Some Overdue Self-Reflection

7.14.2010

Something happened earlier this week. The actual circumstance is not important; what is important is the revelation I had, which was that I am not good at being a good person.

Now before you start thinking that this is just my sad attempt to get some pity, let me be clear. I am not fishing for compliments. No, this is more a public declaration that I have a lot to work on, and I feel that saying it out loud instead of just to myself will be a step in the right direction.

My shortcomings seldom take an outward form, so many people who don't know me well might assume I have it all together. They would be horribly mistaken. It feels like I've struggled my entire life with the same issues---impatience, insane competitiveness, selfishness, anxiety, and (this one's the worst) pride. I realize all this about myself, and I try to be better. I'll do something nice and think, Wow, that was really unselfish. You really are the best at this whole unselfish thing. Way to go, you.

All the while, I fail to realize that my self-congratulation is just me being extremely prideful.

Clearly I've learned nothing.

January 1 of this year I made it a goal to read through the Bible in a year, and I am still on schedule to be finished in December. I have a sheet that tells me what to read, and I mark it off each day. I've only missed a handful so far, and I actually am now so used to reading at night that it feels weird when I occasionally skip a day. (By the way, skipping due to tiredness doesn't actually accomplish anything, since I just have to read double the next day to catch up.) But most nights, as I read, I write down a verse that jumped out at me...for whatever reason. (Unless, of course, I'm reading Leviticus or Chronicles or something. Now there's a way to make me instantly fall asleep.)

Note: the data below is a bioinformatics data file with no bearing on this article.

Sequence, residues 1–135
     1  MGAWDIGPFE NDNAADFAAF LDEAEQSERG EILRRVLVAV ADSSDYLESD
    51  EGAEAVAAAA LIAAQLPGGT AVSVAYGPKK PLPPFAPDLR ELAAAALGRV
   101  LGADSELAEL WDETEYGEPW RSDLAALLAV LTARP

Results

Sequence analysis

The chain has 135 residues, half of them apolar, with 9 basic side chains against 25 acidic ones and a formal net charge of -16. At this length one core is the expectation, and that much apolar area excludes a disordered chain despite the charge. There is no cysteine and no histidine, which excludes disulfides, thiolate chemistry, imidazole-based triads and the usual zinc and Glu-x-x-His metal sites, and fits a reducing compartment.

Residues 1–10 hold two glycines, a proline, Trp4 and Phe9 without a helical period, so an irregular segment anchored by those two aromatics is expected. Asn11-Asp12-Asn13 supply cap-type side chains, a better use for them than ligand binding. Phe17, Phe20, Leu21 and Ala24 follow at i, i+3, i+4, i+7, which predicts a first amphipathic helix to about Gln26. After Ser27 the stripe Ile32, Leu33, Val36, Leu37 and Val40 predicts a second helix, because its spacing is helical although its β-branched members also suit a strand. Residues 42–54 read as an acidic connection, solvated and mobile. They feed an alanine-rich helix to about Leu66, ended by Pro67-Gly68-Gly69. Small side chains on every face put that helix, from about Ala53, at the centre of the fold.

Every so often, I go back through my journal and read the verses I wrote down. It's interesting to see what I happened to find worthy of noting, and I think it also says a lot about what I'm struggling with at that particular time.

The general feeling I get from the verses I've written is that I struggle with an evil heart. Wow, that looks even harsher to see in type than it sounded in my head. But it's true. I seek validation from other people instead of God. I judge people instantly. I don't like sharing. I want everything to be on my schedule, my way, and I don't like to deviate from the plan. Lack of planning stresses me out, which points to the larger issue of a lack of faith. I hate losing, which is due to my inflated ego. Thus, I have to ask myself some questions:

Do I not trust that God will take care of me? Do I understand that I simply cannot fix myself with his help? Am I lying to myself when I say that I do want his help? Do I seek affirmation and acceptance from God alone?

This week I did some major self-reflection, and the answers to my questions, if I was to be completely honest with myself, were not good.